Shipping - Article | 4-min. read

Curbing the Cost of Free Shipping

To offer free shipping or not to offer free shipping? Opinions on the matter are mixed. On the one hand, offering free shipping may help drive sales and provides a competitive advantage for retailers, but on the other, free shipping may contribute to margin erosion. So which is it: Opportunity or risk? A lever to drive more sales or a margin killer? As with most difficult questions, the answer may fall somewhere in the middle. Let’s see if we can shed some light on how to possibly provide the potential for free shipping while looking to minimizing its risks.

Let’s start by looking at some crucial market insights from a recent eCommerce study conducted by VWO1. Based on consumer surveys:

  • The top reason why online shoppers abandon their shopping carts before making a purchase is higher than expected shipping costs.
  • Almost two thirds of online shoppers chose the cheapest shipping option.
  • Less than 5% of online shoppers claim that they don’t care about shipping costs.
  • 24% of shoppers are ready to spend more to qualify for free shipping.

USPS_April_Shipping_Infographic_FINAL

Free Shipping Strategies

Armed with this information, we can conclude two things: First, online retailers should not make the mistake of treating shipping costs as an afterthought or a secondary consideration. Shipping cost should be a key consideration when looking at both the customer experience and sales margins. Second, now more than ever, every online retailer should look to incorporate some kind of free shipping strategy into their transactional model, then carefully test and optimize it with an eye towards maximizing opportunity (driving sales) while minimizing risk (eroding margins). Here are six ideas to help you do just that:

VIP Membership

Consider offering an annual premium or VIP membership to your best customers, and put free shipping at the center of the membership’s value proposition. The membership fee can help absorb shipping costs. Bonus: membership programs of this sort tend to drive average transaction value and buy rate, as referenced above, and can have a positive impact on customer retention, loyalty, and lifetime customer value.

Threshold-Based Free Shipping

Establish minimum order values for free shipping. (Free standard shipping for orders over $50 or $100, or whatever amount makes sense.)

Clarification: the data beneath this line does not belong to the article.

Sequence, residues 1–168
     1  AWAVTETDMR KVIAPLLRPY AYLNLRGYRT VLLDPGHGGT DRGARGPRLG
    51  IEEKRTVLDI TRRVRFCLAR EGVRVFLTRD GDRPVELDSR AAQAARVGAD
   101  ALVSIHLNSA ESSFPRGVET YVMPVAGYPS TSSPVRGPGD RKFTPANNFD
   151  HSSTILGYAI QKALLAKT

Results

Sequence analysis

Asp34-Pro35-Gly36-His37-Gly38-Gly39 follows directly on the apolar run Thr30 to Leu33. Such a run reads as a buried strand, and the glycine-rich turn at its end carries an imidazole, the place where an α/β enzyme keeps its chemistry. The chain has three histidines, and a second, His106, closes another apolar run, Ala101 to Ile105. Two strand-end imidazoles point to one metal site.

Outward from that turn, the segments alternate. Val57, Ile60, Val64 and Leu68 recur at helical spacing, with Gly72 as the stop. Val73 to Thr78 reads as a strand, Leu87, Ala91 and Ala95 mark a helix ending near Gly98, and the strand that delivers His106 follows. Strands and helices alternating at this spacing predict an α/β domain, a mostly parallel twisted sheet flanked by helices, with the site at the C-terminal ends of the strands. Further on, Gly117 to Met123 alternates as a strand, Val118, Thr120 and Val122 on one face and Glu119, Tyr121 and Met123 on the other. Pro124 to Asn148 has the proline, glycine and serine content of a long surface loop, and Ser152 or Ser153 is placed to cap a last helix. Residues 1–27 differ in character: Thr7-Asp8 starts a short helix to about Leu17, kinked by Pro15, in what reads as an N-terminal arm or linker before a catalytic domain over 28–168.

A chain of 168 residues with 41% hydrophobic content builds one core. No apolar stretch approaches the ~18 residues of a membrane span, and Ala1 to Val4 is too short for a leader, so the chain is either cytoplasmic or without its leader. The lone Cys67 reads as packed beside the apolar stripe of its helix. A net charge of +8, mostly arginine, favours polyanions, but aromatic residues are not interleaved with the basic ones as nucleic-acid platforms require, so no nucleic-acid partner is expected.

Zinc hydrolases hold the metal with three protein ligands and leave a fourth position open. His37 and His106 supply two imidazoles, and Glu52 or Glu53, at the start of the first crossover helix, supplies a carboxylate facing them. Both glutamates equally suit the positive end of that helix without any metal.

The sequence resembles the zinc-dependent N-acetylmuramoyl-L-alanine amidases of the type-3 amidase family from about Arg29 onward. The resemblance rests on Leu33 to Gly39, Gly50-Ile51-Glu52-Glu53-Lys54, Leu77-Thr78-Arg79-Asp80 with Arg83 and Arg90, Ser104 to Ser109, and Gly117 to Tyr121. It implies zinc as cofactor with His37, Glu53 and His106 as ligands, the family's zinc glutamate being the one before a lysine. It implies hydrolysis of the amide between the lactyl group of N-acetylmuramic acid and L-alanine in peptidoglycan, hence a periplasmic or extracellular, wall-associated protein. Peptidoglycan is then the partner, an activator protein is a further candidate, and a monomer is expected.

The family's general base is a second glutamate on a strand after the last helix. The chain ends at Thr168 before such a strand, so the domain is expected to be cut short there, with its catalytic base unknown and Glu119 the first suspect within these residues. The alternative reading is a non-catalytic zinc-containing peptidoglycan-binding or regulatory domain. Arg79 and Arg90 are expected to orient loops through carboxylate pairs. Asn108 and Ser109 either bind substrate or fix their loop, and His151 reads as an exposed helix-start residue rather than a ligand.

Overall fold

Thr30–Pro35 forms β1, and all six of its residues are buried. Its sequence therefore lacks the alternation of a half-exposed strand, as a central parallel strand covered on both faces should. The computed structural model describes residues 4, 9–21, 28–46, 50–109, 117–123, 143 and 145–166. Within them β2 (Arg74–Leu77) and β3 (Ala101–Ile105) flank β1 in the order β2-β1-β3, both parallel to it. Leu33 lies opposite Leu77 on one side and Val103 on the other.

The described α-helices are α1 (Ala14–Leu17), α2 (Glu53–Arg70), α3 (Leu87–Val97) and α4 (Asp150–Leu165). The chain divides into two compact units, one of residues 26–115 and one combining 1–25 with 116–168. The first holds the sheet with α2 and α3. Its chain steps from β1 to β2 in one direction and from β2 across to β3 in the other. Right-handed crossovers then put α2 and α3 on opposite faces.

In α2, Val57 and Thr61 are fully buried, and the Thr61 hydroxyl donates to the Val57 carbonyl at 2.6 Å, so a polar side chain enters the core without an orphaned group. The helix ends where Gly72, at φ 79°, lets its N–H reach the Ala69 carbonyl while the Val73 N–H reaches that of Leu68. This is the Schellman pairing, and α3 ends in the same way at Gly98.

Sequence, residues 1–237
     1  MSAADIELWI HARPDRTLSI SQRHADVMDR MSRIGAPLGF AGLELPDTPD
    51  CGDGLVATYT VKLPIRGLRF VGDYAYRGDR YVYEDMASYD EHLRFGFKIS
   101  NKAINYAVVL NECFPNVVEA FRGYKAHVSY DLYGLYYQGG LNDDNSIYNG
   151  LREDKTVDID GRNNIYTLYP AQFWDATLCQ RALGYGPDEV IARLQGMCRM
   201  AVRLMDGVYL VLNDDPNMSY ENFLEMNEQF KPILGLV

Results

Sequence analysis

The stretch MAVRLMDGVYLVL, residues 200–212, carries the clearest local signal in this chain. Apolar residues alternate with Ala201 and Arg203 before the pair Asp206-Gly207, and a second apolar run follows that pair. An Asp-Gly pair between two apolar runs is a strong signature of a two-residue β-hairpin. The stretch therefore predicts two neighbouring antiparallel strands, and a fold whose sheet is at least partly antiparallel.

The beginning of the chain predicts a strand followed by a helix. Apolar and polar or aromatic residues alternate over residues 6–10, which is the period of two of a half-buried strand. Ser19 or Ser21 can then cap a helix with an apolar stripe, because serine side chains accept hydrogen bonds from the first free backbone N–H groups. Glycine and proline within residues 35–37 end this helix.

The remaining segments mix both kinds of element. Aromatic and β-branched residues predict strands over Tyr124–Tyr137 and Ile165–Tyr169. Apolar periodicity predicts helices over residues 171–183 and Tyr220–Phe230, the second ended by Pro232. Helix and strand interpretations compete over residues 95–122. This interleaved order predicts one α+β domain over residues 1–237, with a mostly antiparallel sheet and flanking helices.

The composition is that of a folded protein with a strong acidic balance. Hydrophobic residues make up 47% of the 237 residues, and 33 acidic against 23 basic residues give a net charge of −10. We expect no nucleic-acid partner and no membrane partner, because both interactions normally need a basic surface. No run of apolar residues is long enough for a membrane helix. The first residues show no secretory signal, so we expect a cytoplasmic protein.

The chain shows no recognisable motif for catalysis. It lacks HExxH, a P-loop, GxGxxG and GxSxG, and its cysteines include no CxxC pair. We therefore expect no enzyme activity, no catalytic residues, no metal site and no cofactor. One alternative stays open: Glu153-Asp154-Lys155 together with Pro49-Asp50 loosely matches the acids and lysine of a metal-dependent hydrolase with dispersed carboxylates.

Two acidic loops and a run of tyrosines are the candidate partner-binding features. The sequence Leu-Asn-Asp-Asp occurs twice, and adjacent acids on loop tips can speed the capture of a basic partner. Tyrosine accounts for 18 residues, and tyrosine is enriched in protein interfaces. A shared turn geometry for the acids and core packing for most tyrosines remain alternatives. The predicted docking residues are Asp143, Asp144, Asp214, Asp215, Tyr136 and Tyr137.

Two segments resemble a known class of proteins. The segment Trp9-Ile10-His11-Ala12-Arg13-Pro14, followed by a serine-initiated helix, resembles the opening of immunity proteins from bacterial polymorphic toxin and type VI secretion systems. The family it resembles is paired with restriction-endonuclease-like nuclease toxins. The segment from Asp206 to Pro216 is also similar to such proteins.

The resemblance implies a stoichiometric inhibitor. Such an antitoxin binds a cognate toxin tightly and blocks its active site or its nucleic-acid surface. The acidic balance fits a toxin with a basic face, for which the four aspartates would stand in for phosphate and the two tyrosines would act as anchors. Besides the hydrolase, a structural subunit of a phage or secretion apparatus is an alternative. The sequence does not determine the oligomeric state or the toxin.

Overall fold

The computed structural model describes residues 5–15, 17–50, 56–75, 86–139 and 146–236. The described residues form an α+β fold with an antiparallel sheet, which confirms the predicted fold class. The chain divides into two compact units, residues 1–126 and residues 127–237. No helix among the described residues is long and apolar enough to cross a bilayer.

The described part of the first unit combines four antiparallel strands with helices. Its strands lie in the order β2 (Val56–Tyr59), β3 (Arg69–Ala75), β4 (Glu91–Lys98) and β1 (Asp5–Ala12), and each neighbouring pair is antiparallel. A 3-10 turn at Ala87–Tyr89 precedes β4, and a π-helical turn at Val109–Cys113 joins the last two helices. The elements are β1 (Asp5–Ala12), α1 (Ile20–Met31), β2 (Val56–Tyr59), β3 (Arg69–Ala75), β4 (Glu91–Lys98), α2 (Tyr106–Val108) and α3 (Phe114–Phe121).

Limited-Time promotions

Retailers can put free shipping instead of discounts at the center of special offers. For instance, to drive Holiday season sales, you might consider offering free standard shipping for any order over $40 from December 1 through December 24.

Email or Mail-only Promotions

These are similar to Limited-Time Promotions, but instead of making the promotions available to all customers, you can communicate them only to your best customers via mail or email.

Products with Benefits

Offer free standard shipping on high margin and/or easy-to-ship products. You may have to set up rules and exclusions for hard-to-ship and/or low-margin products that will help protect your overall margins. One way to address this problem is to build a product matrix that plots every one of your products along low margin/high margin and easy to ship/difficult to ship axes:

USPS_April_Shipping_Ease_Matrix_FINAL

Doing this will help you identify which products (or product categories) should not be included in your free shipping program (products weighing more than 5lbs, for instance). If you communicate your shipping rules and exceptions to your customers early and clearly, they will better understand them.

Commoditized free shipping

Online shoppers can be impatient and prone to favor immediate gratification. As free standard shipping becomes increasingly commoditized, expedited and overnight delivery options can be leveraged as a value-adds against standard shipping. This means that while free standard shipping may keep up to two thirds of online shoppers from abandoning their carts before making their purchase, designing a checkout process that drives customers towards next-day or 1-2 day deliveries could shift a significant number of them to premium shipping options in the very final stage of their transaction. (Tip: Impulse purchases aren’t limited to products.)

Conclusion

Since either minimizing or eliminating shipping costs for standard delivery can create significant lift in both revenue and customer lifetime value, perhaps the question shouldn’t be whether or not the adoption of free shipping makes sense, but rather how to best incorporate it strategically without going overboard (by either contributing to margin erosion or potentially “wasting” free shipping offers where it may not be needed). Understanding why and how free shipping may drive the right types of customer behaviors and the desired outcomes, then developing a simple process of testing, measuring and adjusting those strategies as needed may be a good a place to start. Hopefully, some of the insights and ideas outlined in this article will help you do just that.

1E-commerce Study, VWO, 2014.

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